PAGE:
EU Commission’s Eureka Moment – Natural Environment has a Multibillion Euro Benefit
River banks and marsh land play an important role in reducing water polution
(Brussels, 6 May 2013) - The WWF European Policy Office (EPO) gave a cautious welcome to today’s Communication from the European Commission on integrating the natural environment (known as Green Infrastructures) into the framework of its 2020 Biodiversity Strategy. Policy makers will have to give extra importance to features such as stone beaches that protect against coastal erosion, river banks and marsh areas which reduce water pollution and soak up floodwaters and creating ecological focus areas that support pollinating species and benefit crops.
Some of the most prominent European natural infrastructures areas are in the Natura 2000 Network of protected sites. Collectively they can generate up to €300 billion in benefits. This is of enormous value given the low annual investment of only €5.8 billion needed to keep them functioning. A recent report has stated that 14.6 million jobs across Europe are dependent on ecosystem services which in turn rely on green infrastructures.
On the use of Green Infrastructure, Alberto Arroyo Schnell, Senior Policy Advisor – Biodiversity, WWF European Policy Office
“This communication is long overdue. We cannot afford to keep pumping money into traditional engineering infrastructures when in many cases nature provides a more cost effective and lasting solution. But, the Commission must make sure that this is not only talk - there must be sufficient investment available to make green infrastructures work.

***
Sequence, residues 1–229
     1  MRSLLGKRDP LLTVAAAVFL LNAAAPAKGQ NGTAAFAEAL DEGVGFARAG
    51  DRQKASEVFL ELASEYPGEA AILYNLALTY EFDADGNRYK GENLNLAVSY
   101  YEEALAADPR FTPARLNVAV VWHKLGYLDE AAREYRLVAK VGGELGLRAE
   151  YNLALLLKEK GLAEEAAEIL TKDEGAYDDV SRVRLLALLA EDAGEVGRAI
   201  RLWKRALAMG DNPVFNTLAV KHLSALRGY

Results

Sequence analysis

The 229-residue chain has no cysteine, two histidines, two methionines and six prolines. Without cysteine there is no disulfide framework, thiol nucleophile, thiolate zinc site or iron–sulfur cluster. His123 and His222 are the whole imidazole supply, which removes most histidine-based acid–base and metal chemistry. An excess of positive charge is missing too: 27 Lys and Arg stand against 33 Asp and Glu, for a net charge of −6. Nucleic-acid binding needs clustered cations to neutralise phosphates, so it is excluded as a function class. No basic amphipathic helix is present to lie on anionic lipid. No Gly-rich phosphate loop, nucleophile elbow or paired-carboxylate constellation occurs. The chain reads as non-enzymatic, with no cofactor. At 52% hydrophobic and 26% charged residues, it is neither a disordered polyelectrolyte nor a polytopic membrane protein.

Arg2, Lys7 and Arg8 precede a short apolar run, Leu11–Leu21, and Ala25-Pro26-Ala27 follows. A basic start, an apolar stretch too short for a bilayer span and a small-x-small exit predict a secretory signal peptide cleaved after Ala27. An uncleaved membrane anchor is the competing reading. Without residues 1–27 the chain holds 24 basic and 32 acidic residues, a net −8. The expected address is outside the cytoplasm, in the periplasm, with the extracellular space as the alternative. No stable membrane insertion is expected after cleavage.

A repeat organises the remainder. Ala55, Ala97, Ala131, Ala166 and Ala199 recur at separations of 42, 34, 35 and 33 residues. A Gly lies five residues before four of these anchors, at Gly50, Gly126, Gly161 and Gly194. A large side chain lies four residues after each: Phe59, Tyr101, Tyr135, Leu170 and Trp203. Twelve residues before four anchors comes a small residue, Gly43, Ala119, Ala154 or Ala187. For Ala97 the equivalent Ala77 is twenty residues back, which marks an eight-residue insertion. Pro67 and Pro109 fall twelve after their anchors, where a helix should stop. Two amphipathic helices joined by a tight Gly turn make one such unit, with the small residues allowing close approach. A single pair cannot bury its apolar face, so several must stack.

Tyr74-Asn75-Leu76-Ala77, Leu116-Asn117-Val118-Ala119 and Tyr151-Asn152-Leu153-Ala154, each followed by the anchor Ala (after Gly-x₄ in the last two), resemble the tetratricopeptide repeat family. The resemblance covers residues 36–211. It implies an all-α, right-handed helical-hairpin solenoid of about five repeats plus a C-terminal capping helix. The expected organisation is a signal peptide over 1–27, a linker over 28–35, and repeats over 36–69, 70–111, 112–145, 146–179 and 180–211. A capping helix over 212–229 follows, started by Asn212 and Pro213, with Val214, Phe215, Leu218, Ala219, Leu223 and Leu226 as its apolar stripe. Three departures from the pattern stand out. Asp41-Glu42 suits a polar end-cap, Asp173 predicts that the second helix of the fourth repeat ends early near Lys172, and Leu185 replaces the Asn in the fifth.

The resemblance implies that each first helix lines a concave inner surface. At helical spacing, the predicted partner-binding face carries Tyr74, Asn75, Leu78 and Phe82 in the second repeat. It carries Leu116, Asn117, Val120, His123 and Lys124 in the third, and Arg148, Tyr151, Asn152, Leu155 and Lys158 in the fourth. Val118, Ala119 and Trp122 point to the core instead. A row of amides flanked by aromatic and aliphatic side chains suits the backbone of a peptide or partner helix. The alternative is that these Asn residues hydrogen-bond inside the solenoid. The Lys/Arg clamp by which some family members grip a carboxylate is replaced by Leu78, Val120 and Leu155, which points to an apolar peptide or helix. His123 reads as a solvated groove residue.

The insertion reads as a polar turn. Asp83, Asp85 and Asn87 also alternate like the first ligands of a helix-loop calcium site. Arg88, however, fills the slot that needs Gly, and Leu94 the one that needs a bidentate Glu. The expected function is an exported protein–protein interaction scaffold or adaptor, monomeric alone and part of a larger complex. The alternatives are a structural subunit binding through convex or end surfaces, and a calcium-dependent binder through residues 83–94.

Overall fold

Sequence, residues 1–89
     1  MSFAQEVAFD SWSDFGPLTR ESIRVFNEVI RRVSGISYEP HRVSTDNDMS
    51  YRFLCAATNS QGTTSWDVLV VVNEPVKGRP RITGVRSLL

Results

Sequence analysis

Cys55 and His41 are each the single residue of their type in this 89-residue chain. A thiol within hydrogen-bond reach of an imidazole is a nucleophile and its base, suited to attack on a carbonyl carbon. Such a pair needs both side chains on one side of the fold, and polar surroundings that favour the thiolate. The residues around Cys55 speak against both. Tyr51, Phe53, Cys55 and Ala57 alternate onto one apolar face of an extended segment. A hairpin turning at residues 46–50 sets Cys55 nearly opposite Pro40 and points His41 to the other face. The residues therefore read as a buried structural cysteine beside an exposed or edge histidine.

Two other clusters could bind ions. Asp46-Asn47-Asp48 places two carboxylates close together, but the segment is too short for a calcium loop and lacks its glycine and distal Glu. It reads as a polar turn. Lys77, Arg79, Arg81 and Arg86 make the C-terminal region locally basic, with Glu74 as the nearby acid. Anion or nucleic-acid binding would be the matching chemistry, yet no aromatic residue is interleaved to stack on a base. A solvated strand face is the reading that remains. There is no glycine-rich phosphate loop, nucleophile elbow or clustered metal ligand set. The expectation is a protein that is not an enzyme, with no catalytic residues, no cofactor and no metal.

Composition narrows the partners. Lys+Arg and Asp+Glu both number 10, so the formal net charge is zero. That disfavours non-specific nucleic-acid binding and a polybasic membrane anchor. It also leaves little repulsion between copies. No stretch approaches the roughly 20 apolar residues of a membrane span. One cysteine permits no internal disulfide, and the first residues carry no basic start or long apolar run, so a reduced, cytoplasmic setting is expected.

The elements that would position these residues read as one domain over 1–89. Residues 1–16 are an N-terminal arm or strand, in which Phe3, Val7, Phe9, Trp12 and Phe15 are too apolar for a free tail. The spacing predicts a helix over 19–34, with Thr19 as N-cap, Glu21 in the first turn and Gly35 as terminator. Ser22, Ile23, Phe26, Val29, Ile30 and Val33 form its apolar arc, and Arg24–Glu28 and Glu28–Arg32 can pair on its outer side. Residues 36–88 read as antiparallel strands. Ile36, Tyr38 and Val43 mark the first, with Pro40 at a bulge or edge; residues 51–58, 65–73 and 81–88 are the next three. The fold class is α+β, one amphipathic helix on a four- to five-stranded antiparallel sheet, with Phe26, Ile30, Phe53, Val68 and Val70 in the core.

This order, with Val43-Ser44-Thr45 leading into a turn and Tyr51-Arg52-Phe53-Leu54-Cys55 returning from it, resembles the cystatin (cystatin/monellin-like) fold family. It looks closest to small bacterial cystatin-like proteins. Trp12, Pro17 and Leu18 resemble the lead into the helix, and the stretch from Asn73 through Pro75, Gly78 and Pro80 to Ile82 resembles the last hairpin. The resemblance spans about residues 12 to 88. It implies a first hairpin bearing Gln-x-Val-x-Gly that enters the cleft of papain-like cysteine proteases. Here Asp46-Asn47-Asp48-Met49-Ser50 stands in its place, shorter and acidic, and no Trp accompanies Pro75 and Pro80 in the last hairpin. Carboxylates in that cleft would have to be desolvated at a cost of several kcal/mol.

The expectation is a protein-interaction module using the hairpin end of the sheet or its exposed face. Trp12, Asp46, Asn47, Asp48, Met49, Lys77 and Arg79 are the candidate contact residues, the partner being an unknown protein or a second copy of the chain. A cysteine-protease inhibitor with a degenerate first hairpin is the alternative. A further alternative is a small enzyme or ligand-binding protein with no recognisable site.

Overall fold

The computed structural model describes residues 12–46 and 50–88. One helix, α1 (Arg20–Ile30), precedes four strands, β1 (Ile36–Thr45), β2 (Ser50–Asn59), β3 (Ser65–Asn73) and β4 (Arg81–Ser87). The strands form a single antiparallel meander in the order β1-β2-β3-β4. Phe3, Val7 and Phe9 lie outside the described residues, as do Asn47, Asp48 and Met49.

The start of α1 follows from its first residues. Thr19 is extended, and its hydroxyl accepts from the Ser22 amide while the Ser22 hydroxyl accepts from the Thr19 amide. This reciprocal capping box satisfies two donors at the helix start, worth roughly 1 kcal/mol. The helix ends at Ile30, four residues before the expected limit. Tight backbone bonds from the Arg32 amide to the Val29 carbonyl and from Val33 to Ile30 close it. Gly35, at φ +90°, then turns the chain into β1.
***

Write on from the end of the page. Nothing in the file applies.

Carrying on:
“For a start, the EU Natura 2000 natural areas should be integrated into the current reform of the Common Agricultural and Cohesion policies. Otherwise today’s words will remain empty rhetoric.”
On Green infrastructure and the EU Agricultural Policy Sébastian Godinot, Head of EU Budgets Campaign, WWF European Policy Office
“The European Commission needs to ensure that the next CAP deal starting in 2014 does not jeopardise the environmental assets that benefit all of society. We are all looking to Commissioner Cioloş to defend the current proposal which will extend Ecological Focal Areas to 7% arable and permanent crop land. This is the minimum effective area needed to support wild flora and fauna which ultimately supports important pollinating species.”
For more examples of this Green Infrastructures please follow this link. http://tinyurl.com/ccoxagl
For further information:
Alberto Arroyo, Biodiversity Policy Advisor
WWF European Policy Office
Philippe Carr, Media & Communications
WWF European Policy Office